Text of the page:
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Criminal procedure — Writ of actual innocence — Need for a hearing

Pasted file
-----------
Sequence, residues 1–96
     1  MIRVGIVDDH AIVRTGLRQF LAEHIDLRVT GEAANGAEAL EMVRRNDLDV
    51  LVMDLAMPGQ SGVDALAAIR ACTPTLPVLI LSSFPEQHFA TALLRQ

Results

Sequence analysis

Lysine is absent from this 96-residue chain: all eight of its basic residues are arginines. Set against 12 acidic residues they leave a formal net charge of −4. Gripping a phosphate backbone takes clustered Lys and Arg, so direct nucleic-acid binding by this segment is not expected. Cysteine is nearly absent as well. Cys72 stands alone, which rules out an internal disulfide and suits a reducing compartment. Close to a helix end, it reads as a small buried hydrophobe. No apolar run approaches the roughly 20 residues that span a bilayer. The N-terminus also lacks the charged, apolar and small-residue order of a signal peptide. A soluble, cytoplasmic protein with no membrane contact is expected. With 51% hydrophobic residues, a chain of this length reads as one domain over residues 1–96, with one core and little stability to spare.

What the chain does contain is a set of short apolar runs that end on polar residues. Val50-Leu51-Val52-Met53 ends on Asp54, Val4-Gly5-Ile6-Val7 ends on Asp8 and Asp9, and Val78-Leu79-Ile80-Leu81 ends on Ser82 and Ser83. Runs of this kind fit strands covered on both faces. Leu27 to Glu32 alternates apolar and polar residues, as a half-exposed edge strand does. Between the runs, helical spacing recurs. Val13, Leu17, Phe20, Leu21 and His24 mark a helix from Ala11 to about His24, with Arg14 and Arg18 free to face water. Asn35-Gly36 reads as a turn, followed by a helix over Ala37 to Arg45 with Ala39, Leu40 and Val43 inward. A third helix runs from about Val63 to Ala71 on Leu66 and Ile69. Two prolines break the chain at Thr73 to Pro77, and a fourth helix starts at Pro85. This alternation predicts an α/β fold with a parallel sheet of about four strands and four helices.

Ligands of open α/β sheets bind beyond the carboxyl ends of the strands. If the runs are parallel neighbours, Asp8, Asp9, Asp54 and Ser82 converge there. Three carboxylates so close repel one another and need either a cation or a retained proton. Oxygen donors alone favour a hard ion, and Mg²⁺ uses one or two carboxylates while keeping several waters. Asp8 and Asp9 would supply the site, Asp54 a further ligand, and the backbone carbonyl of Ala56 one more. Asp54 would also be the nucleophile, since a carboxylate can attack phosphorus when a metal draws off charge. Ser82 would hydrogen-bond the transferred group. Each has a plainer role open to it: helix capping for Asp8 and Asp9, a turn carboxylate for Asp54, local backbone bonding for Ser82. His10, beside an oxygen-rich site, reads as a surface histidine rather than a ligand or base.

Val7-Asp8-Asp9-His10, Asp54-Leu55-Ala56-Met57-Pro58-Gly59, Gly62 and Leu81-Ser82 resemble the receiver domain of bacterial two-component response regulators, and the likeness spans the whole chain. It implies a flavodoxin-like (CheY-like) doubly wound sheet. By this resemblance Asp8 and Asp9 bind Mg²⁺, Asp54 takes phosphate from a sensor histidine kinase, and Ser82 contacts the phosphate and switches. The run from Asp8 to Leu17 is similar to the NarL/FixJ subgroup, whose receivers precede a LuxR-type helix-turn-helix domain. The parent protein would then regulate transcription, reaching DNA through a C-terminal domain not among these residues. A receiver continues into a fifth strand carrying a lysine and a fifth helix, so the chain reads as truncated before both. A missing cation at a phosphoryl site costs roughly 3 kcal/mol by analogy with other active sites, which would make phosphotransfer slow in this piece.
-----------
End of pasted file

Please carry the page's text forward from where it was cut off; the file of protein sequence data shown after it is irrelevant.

On January 15, 2000, Darryl Butler, Sr. (“Butler”) was murdered. Appellant, Chalmers Efram Smith (“Smith”), was arrested for that murder approximately four and one-half months later. On February 23, 2001, after a trial by jury in the Circuit Court for Baltimore City, Smith was convicted of first degree pre-meditated murder of Butler, use of a handgun in the commission of a violent crime or felony, and wearing, carrying, or transporting a handgun. The trial judge sentenced Smith to life imprisonment for the first degree murder conviction and 20 years for the handgun crime, both sentences to be served consecutively. Smith filed a timely appeal from his convictions, but this Court, in an unreported decision filed on January 23, 2002, affirmed his convictions. Smith did not ask the Court of Appeals to issue a writ of certiorari. Thereafter, in an effort to overturn his convictions, Smith filed several petitions for post-conviction relief and a motion for new trial. Ultimately, however, these filings proved unsuccessful. Over twelve years after his convictions were affirmed by this Court, Smith, on November 12, 2015, filed a petition for writ of actual innocence in the Circuit Court for Baltimore City. […]

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